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Posted by on Sep 24, 2014 in Freight Factoring | 0 comments

Basics of Freight Factoring

If you have never done freight factoring before, you may be unsure of what to expect. Here are the basics of freight factoring.
There are essentially five elements in freight factoring:

  • Trucker
  • Factor
  • Invoice
  • Cash advanced
  • Fees

The trucker or trucking company in its day-to-day operations does a lot of things, but the most important one in terms of freight factoring is submitting the invoice to a client for services rendered. This is based on the agreement between the trucker and client upon the successful completion of the job. The “factor” or third-party company who will buy the invoice has no involvement in this phase of the freight factoring process.

The factor only becomes involved when the invoice is then sent to them for verification and approval. The freight factoring company which check if the service was indeed satisfactorily rendered and if it has been, the factor pays the trucking company the pre-agreed amount to be advanced (anywhere between 60 to 90% of the face value of the invoice). The percentage of the cash advanced will depend on the credit rating of the client. The funds advanced can be in the form of cash, check, or bank transfer between 24 to 48 hours after verification.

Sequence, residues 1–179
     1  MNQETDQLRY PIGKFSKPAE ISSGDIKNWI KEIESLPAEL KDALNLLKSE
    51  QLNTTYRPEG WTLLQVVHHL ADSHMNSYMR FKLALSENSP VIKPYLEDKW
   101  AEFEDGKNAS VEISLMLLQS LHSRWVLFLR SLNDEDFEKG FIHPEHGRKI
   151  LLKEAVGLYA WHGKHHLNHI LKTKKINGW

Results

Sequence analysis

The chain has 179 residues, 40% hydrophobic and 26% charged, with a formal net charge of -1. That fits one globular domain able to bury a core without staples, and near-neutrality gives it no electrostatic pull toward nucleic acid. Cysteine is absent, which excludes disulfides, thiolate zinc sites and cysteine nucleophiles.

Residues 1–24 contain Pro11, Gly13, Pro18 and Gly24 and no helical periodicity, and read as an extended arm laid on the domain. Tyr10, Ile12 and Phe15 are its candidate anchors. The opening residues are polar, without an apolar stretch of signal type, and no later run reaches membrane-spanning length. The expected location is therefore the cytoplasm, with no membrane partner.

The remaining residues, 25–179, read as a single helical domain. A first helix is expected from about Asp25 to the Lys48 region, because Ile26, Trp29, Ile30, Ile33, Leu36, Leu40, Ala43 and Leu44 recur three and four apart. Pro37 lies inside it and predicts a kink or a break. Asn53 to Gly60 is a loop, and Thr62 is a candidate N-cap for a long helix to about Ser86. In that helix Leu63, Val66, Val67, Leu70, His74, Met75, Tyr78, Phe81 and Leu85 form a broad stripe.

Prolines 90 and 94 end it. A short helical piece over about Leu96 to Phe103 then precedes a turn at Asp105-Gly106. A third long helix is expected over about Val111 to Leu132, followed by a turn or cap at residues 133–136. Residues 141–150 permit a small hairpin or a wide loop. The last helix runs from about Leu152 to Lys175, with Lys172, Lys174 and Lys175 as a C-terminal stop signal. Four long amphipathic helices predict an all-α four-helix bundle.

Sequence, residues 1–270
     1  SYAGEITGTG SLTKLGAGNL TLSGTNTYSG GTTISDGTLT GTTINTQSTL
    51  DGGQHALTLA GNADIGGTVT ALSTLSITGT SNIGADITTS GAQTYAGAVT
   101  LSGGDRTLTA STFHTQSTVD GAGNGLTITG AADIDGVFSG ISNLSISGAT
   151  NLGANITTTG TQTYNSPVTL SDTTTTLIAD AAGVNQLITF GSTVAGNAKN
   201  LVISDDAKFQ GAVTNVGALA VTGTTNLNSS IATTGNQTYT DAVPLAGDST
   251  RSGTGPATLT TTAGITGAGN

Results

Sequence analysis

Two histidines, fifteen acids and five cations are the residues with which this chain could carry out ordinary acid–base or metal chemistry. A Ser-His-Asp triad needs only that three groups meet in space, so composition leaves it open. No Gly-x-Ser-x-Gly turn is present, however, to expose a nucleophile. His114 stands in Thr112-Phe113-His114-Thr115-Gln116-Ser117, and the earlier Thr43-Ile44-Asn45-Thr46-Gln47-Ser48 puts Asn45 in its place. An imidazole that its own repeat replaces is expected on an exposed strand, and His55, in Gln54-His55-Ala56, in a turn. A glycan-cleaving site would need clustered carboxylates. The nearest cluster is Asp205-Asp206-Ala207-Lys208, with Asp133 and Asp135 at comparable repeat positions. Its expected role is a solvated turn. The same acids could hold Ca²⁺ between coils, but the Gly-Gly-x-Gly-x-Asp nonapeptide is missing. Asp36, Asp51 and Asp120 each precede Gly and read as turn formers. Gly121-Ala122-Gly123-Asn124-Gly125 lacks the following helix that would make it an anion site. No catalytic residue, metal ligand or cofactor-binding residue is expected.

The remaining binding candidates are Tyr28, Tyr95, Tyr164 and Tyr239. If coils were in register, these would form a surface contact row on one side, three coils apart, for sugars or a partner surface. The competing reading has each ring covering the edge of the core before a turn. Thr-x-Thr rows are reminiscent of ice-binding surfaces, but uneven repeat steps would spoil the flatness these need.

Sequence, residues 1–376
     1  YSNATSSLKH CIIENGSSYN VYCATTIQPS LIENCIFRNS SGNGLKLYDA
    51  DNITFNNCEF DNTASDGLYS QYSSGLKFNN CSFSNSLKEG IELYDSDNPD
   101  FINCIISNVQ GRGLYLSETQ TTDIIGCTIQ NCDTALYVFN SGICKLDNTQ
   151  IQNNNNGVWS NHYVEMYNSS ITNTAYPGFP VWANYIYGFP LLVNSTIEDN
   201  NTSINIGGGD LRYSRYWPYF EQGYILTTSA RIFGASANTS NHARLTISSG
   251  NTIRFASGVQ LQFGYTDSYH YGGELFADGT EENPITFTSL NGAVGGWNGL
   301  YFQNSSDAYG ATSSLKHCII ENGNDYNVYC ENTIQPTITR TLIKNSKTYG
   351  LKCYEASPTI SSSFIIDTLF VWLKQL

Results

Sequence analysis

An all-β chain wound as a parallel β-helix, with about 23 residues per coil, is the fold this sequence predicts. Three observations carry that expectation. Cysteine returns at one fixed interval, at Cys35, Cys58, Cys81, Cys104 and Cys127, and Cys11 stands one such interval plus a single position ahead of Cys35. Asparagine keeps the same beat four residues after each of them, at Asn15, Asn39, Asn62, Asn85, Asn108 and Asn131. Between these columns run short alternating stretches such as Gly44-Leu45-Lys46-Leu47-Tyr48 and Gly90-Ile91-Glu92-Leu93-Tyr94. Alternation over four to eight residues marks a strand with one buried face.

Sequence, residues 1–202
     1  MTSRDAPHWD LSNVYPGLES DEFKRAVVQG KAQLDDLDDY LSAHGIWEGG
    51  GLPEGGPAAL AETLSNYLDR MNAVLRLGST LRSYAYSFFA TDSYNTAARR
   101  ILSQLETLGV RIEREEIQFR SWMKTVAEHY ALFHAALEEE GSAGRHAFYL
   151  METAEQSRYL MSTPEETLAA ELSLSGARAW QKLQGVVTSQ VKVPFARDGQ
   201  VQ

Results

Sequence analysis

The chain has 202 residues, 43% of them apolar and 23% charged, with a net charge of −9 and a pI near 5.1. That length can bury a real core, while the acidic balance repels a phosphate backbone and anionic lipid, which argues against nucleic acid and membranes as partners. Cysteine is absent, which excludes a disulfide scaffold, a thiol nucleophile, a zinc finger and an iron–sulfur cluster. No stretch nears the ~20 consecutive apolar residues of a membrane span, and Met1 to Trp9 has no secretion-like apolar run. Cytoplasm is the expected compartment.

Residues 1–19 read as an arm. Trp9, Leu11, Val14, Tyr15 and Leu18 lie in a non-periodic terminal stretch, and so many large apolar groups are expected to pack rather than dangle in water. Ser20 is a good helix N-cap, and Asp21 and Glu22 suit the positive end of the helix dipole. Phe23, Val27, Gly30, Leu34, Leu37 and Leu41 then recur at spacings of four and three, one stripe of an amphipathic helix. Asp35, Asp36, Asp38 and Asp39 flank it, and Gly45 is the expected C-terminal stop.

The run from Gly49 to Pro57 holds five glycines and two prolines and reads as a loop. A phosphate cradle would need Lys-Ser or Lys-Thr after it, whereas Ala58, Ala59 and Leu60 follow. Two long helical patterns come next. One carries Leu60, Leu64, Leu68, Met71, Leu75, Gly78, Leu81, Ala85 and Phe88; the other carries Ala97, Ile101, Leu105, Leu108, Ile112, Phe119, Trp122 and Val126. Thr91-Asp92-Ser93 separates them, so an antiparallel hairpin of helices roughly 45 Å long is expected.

Depending on the agreement, the freight factoring company may or may not keep a reserve, which is that percentage of the money due to the trucker which is kept back by the factor until such time as the invoice is paid in full. At this point, the reserve amount is then released to the trucker. Some companies such as TBS Factoring do not require a reserve for non-recourse factoring.

It should be noted that not all clients will meet the requirements of a freight factoring company; a credit check is usually made on the client to determine if they are a bad risk or will provide truckers with a list of pre-approved clients. This is an advantage to truckers, who will then be able to weed out dead beat clients who will probably not be able to pay on time and in full, or at all.

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